11. without, i hate it when the eraser runs out and u automatically go to rub it out with it and end ub scratching the paper

  12. I prefer to have an eraser attached. Problem is I like a hard lead (3H-5H), and I don’t often see those pencils with an eraser in the shops. It seems to me if you don’t like it you don’t have to use it – but I guess it provides too much temptation (being so close), or effects the balance for some people. It sure would be neat if one could buy slip on ferrules. i suppose I could try to use those eraser caps instead, but they really are heavy.

  13. Nice site! Found it while googling for the Staedtler Oversized 151 that I just bought.

    I personally prefer no erasers. It could be because the pencils I’ve used in the past have erasers of crap quality, and I’m particular about how well my erasers… erase. And I erase a lot (LOL) so the little bit would run out in no time.

    But even if the attached eraser is of a decent quality, I don’t think I’ll use it much because I’m more of a block eraser type.

  14. I like having the eraser on the pencil. If I need to erase something, I just flip the pencil over, erase, flip it back and continue writing. I don’t have to put the pencil down, pick up the eraser, erase, put the eraser down, pick up the pencil and continue writing. Plus I love the aesthetics of the ferrule and eraser. It adds another potentially distinctive element to a pencil’s design, which I miss with eraserless pencils.

  15. I like having both, and the way it is in the USA with the pricey ones having lacquered ends and the rest eraser’d appeals to me. When I bought Palominos, I got some of each.

    I love the Pentel Clic-Erase, preferably the older one w/o grip, and if I were drawing, I’d use that instead of an on-pencil eraser if I had one.

    For general writing, I just don’t erase much. Even erasing the same number of words, I think I use less than most people being lighter and more selective. I frequently did math with a pen in college, and also, am not opposed to scratching out a word here and there. That said, in college I was very happy that the Sanford Logo IV had a nice large very high quality eraser. But, unlike my friends, I think I used two of the (inch long) erasers in as many years.

    So, assuming the eraser works halfway decently (dried ones on vintage pencils, ugh) then I like having it. Feels “right” for a writing pencil. I like the ferrule, I like bouncing it on the desk, all sorts of tactile things about it.

    Now, should I use up the eraser and the pencil be both long enough & expensive enough, I _might_ just use a hobby saw and cut the ferrule off. A lacquered end is classy, but I see plenty of euro-pencils sold with sawn or sanded ends.

  16. I have always really disliked the erasers on Pencils. They last a short time and then you are left with a sharp, ugly ferrule. I like soft, dust-free erasers and almost always have one on me. When I moved to Korea I noticed that the ends of pencils (made by Korean’s Dong-a, Japan’s Tombow, or Germany’s Staedtler) were eraser free – not just the drawing pencils but the writing pencils as well. Some had a nice, smooth, rounded back, but others just had the exposed graphite.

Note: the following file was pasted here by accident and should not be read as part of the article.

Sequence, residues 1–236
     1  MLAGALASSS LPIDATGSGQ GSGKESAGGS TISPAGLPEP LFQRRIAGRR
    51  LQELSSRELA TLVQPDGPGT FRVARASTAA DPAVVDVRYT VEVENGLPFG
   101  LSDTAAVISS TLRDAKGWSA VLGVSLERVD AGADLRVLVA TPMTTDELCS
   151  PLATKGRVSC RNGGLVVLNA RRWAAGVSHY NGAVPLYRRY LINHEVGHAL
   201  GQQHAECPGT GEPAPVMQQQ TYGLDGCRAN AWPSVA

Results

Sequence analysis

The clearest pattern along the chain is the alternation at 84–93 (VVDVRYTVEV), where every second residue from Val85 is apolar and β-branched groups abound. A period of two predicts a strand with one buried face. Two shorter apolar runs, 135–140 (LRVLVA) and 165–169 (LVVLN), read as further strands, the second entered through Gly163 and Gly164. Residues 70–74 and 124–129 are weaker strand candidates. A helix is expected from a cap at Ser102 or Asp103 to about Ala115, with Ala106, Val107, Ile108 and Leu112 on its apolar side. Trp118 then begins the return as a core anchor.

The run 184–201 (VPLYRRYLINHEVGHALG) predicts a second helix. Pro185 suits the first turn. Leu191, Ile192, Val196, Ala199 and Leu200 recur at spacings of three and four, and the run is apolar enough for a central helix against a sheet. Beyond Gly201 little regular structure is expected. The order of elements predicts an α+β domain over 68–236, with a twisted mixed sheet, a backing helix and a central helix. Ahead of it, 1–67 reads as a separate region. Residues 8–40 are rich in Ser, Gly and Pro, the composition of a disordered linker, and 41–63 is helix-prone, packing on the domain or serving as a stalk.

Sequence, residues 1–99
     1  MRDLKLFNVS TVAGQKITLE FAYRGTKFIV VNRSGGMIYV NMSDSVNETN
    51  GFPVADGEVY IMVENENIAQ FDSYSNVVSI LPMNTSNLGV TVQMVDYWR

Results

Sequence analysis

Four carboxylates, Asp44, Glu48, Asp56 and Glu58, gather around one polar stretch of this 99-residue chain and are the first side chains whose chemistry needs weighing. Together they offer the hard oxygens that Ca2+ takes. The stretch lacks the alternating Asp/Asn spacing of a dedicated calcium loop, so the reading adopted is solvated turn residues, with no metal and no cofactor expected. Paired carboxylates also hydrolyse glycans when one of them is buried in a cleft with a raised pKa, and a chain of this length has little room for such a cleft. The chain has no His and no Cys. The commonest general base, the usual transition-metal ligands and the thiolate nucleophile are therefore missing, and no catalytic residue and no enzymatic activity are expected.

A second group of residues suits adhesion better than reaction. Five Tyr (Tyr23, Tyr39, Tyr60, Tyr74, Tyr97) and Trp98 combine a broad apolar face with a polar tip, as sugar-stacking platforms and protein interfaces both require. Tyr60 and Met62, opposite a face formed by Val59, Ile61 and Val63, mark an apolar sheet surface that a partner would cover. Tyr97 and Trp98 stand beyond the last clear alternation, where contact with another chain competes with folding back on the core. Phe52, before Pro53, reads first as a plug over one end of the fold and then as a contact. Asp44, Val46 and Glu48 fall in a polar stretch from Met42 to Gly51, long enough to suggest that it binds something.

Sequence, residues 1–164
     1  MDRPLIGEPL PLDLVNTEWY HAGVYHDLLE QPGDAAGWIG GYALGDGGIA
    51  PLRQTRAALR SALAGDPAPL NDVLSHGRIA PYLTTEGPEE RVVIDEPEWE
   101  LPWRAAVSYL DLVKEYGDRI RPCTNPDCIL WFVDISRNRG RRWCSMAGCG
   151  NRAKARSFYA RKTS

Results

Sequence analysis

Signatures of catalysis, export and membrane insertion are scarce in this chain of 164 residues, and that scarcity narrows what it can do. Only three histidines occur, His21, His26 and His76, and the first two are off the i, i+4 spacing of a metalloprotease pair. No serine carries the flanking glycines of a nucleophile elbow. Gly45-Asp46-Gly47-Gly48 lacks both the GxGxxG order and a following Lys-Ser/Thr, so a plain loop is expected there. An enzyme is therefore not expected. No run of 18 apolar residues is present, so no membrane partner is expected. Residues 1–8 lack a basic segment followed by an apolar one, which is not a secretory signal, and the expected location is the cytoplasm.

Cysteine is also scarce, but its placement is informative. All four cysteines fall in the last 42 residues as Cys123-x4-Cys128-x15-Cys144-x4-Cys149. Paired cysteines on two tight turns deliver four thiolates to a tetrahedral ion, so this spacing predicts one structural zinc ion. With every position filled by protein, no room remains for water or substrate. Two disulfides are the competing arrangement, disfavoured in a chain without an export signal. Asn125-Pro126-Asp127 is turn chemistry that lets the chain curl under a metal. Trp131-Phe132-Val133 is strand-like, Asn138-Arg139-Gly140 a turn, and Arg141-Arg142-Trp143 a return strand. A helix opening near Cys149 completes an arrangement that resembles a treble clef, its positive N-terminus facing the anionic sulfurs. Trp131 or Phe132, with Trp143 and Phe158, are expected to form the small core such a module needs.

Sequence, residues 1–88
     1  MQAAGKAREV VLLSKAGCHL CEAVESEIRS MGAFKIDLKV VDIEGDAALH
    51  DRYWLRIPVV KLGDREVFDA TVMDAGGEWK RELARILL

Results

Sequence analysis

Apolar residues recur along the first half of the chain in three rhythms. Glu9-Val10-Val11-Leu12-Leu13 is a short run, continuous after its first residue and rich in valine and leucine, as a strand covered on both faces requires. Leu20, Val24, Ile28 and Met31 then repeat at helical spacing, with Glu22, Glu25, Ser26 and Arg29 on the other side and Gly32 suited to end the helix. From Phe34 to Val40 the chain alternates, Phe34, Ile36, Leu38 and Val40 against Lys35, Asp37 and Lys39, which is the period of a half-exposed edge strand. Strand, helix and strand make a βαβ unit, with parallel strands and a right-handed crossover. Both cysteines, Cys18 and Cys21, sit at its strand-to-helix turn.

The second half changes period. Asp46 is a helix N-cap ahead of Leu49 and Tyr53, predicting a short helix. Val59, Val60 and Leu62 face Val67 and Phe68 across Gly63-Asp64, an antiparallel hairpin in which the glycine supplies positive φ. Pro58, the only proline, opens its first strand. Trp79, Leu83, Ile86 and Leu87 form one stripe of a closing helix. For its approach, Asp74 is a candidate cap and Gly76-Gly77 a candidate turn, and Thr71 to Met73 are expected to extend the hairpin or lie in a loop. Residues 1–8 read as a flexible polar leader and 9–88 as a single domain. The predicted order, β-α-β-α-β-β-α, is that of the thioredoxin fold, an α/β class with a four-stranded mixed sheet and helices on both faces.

After returning to the US I bought a few boxes of pencils – I like the terracycle recycled newspaper pencils and Office Max’s natural wood pencils. When I need a new one I pull it out of the box and pull the ferrule off with a pair of pliers I keep by my desk. Then I sharpen the end I pulled the farrule off of. This leaves the pencil with a smooth back end. It looks as if the pencil was made to be eraser free. The manufacturer’s text also sharpens off first. Sometimes I cover the exposed graphite with a little black nail polish.

  17. In a classroom, I require students to use a pencil without an eraser. Otherwise, they are constantly writing and erasing and writing again, rather than thinking first before writing, and the tiny eraser in the ferrule would be gone before even a centimeter of graphite is consumed. Later, when exercises have been graded and students are allowed to do corrections, good quality large erasers are provided. This is just one example of why one would want to separate the pencil and the eraser.

    Personally, I have almost always used a better quality drafting or drawing pencil, or a lead holder, which are typically made without an attached eraser.

  18. I like having the Eraser on the Pencil for Convenience and not having to worry about carrying and keeping up with a separate Eraser.
    I just don’t like the Idea of putting down Your Pencil to pick up a Seperate Eraser every time You make a mistake!
    Finally, there’s the issue of Eraser running out, that’s what Eraser toppers are for!

  19. There’s also the issue of the quality of the Eraser. If the Pencil itself is Premium and of high quality, then the Eraser on it should be of the same quality! Furthermore, some say that the Eraser in the Ferrule dry up over time. Does a big Seperate Eraser dry up over time the same way?

    Over some thought, Yes, Pencils wasn’t Coupled with an eraser from the beginning; Erasers where discovered later. It wasn’t until an invention later on that would cause the Pencil to be fitted with an Eraser. Now, would Purist prefer to still leave the Eraser off the Pencil, or are some People either afraid or too stubborn to adapt to Convenience?

  20. HI, I’m trying to find some good sources for eraser-less pencils to buy in the USA. To me, it is a great waste to buy pencils with ferules and erasers. I’m having trouble finding any real wood pencils that don’t have eraser. could you give a couple of suggestions? these need to be good, utility pencils to offer to parents of schoolchildren. thanks, holobiont. This is my list of products thus far. I very badly need a list of pencil options to add to it: